By Dario Disegni*
After an intense and meticulous redevelopment work, started following the flood of 1994 and made possible by the generous allocation granted by the Italian State from the funds of 8×1000, the Synagogue of Alessandria, characterized by its imposing façade of eclectic architecture with neo-Gothic influences, finally reopens. This is a significant event for the city, for Italian Judaism, and for the whole country.
One of the most beautiful Synagogues in Piedmont, it was festively inaugurated in 1871 after the Emancipation by king Charles Albert (king of Sardinia-Piedmont) was granted in 1848. The Synagogue encourages us to remember and think about the history of what was an important Community, present in the city, with various events, since the end of the fifteenth century, and which was tragically decimated in the Shoah, during which 25 of the 245 members inscribed in 1938 perished. Unfortunately, today the community is comprised of only a few units, although they are deeply rooted in their cultural and religious identity. In such an important day, I would like to briefly retrace some of the essential moments of the history of the Jews of Alessandria.
Abramo Vitale de Sacerdoti is one of the first Jewish people whose name appears on official documents. In 1490 he was allowed to reside in the city to run a loan-bank there. During the following centuries, his family played a leading role both within the Community and in the city, that at the time was under the Duchy of Milan. His descendant Simone was the one who prevented the implementation of the repeated orders of expulsion from the Spanish domains of Lombardy, that culminated in the expulsion of 1597.
When in 1707 the city came under Savoy rule, the affairs of the Jewish Community became linked to those of other territories of Piedmont. They maintained the freedom of residence, worship and commerce, but in 1723 they were segregated into a ghetto that was established between the present-day streets of Via Migliara, Via dei Martiri, Via Vochieri and Via Milano (at the time called “Contrada degli Ebrei”, literally “Jewish District”), an area where the Jewish population had long owned houses and shops.
The ghetto of Alessandria was the third most populous in Piedmont, with 420 inhabitants, as shown in the 1761 census. Despite the changes made in the 19th century, some characteristic features are still preserved, such as the internal communicating walkways and the mezzanines that were built in order to expand the surface of the houses in the years of forced residence.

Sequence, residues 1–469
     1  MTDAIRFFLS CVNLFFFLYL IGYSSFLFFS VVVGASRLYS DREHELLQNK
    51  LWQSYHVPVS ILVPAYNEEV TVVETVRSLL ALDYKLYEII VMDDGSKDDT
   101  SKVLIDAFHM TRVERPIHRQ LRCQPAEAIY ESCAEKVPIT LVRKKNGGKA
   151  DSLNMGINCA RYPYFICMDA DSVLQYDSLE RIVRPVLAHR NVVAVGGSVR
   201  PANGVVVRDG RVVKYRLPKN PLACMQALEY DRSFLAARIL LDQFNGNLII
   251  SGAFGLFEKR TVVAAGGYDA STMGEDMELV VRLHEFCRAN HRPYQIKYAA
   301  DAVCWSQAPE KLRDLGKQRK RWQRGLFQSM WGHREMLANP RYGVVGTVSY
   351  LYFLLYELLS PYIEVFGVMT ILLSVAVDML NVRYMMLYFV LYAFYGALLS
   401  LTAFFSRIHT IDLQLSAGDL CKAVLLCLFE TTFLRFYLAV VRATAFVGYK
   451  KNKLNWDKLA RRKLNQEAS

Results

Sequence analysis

After the emancipation of 1848, many Jews of Alessandria contributed in different ways to the life of the city and to the Italian Risorgimento. In the last century, the phenomenon of urbanization, along with racial persecution, led to a drastic reduction of the Community, until in 1985 it was forced to give up its autonomy in order to become a part of the Jewish Community of Turin.
During the Second World War, the Community and its Synagogue were terribly devastated.
In a letter sent in 1947 to the revenue office, with a request for compensation for the damages suffered, the then President of the Community Anselmo Vitale denounced: “On the evening of December 13th 1943, around 7 pm, armed forces of the fascist republican army and German soldiers broke into the premises of the Temple, the school and the administration of the Israeli Community of Alessandria, located in Via Milano 3, demolishing, removing, destroying and burning everything, from sacred furnishings to equipment, from works of art to silverware. […] In this condition, it is no longer possible to exercise, even partially, any form of worship, to provide school teaching and to carry out the administration of the Community and of the 10 charitable organizations it operates”.
It was an extremely painful wound, which after the war forced the Community to a patient reconstruction by using sacred furnishings from other dismantled Synagogues, such as those of Nizza Monferrato and Acqui Terme, to replace those that had been destroyed.
The subsequent increasing degradation, intensified by the damage caused by the flood of 1994, encouraged the Community of Turin, which following the merging with that of Alessandria became the owner of the Synagogue, to promote redevelopment works. They were able to make great progress in the redevelopment process thanks to the significant contribution allocated by the Italian State in 2018 from the funds of 8×1000.
One of the most important and prestigious historical buildings of the City, today the Synagogue of Alessandria thus appears to have returned to its original splendour, and it has been given back to the use of the Jewish Community, the citizens of Alessandria, and all the visitors who will be able to come visit it from Italy and from abroad.
*President of the Jewish Community of Turin
Translated by Annadora Zuanel, revised by Martina Bandini, students at the Secondary School of Modern Languages for Interpreters and Translators of the University of Trieste, interns at the newspaper office of the Union of the Italian Jewish Communities – Pagine Ebraiche.